High Speed, Alcohol Blamed for Dubai Crash That Killed Marathon Survivor

Northeastern seniors Victoria McGrath and Priscilla Perez Torres died on Sunday.

Photo via Facebook

McGrath. Photo via Facebook

High speed and alcohol were involved in the Dubai car crash that killed two Northeastern University students, one a survivor of the 2013 Boston Marathon bombing, a Dubai prosecutor told the Associated Press.

Northeastern seniors Victoria McGrath and Priscilla Perez Torres, as well as Canadian boxer Cody Nixon and James Portuondo, were reportedly killed Sunday morning when their yellow, two-seat Ferrari 458 Spider jumped a curb near the Jumeirah Lake Towers and struck a pole, splitting the vehicle in half.

According to surveillance footage, McGrath and Torres were seated together in the passenger seat, with Nixon in the middle and Portuondo driving, Dubai Traffic Public Prosecution head Salah Bu Farousha told the AP. Another prosecutor, speaking under condition of anonymity, said that everyone involved had been drinking.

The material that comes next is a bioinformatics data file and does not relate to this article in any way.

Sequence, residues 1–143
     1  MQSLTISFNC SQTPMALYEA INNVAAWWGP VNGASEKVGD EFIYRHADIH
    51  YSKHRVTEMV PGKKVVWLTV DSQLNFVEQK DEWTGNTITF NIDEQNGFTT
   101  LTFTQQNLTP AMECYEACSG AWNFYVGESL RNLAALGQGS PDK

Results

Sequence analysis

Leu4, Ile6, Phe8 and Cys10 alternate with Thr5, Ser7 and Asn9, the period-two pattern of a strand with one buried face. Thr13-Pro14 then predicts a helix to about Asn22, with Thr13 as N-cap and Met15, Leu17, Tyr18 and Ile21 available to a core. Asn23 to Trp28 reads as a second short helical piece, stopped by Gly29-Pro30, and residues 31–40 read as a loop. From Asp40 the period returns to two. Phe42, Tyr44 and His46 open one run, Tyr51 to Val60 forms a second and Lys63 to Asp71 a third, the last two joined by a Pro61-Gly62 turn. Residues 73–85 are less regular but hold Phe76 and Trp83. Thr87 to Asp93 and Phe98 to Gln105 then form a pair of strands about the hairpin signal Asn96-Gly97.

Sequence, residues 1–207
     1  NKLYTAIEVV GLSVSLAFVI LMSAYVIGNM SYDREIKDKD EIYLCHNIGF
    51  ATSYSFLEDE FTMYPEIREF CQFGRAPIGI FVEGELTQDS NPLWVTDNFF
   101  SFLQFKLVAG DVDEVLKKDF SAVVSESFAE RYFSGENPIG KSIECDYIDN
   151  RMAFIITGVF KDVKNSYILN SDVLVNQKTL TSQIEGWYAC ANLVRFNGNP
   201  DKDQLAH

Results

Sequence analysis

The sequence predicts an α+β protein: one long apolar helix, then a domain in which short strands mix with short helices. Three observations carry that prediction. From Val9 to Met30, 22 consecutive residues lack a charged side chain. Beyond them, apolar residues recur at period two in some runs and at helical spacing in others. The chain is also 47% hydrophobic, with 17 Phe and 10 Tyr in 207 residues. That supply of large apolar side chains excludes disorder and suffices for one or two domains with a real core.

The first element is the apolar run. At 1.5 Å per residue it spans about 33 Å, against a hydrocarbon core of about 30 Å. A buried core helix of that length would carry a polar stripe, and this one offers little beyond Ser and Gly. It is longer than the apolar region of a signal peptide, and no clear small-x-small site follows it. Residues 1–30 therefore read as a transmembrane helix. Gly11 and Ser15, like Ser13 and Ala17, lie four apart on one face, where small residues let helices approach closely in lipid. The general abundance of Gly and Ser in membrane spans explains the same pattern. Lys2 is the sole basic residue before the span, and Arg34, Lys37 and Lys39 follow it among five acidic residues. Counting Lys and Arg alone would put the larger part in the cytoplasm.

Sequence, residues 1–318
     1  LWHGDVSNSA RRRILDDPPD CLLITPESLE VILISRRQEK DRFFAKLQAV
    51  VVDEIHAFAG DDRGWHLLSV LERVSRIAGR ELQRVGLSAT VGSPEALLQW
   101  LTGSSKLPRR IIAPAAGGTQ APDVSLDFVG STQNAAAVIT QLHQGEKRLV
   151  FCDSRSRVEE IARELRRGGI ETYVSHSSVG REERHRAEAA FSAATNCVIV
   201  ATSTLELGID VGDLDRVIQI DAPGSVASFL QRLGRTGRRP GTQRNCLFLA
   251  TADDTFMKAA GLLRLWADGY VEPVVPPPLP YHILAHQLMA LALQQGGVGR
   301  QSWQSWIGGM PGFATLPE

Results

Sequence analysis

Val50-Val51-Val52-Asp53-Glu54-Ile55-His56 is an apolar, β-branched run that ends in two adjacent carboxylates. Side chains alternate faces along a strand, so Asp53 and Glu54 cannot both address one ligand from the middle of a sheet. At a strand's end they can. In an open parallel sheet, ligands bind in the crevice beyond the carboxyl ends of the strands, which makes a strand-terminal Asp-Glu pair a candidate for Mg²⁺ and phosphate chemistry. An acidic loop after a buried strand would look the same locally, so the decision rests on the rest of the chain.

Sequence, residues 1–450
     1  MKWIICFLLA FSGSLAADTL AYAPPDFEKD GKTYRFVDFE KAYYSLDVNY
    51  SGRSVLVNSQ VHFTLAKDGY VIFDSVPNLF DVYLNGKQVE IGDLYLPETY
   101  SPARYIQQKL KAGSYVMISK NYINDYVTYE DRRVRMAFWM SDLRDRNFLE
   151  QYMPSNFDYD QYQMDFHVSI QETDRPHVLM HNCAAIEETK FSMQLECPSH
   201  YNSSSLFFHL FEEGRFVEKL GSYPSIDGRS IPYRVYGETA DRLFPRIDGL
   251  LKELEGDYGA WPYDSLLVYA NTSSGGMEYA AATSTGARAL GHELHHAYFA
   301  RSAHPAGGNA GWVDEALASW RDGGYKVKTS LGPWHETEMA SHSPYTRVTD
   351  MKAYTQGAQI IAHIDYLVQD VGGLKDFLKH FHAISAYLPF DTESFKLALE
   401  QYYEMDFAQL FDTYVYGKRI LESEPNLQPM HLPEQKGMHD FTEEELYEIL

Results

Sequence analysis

‘‘From my initial investigation, they had lost control of the car,’’ the prosecutor told the AP. ‘‘The road is curved. They were driving at a high speed in a 40-kph (25-mph) zone. The speed did not match at all the speed limit.’’

Hours before the crash, Nixon posted a photo on Instagram, posing with the yellow Ferrari. The caption read: “Just landed into Dubai picked up the Ferrari! Don’t worry I won’t speed ;)”


McGrath, of Weston, Connecticut, suffered severe injuries at the 2013 Boston Marathon bombing. She was near the finish line when a bomb sent shrapnel into her leg, and would have died were it not for first responders applying a tourniquet fashioned from a t-shirt.

“Even as we are working through the pain, we, Victoria’s parents, want to share a brief message. It is a message of faith and clarity,” Jill and Jim McGrath said in a statement. “Victoria’s faith is strong and on display each day. Her faith is true, which is why we can rest assured that she is in Heaven now with our Lord God. This is a great source of comfort—to know that we did not say “goodbye,” but rather, “we will meet again.”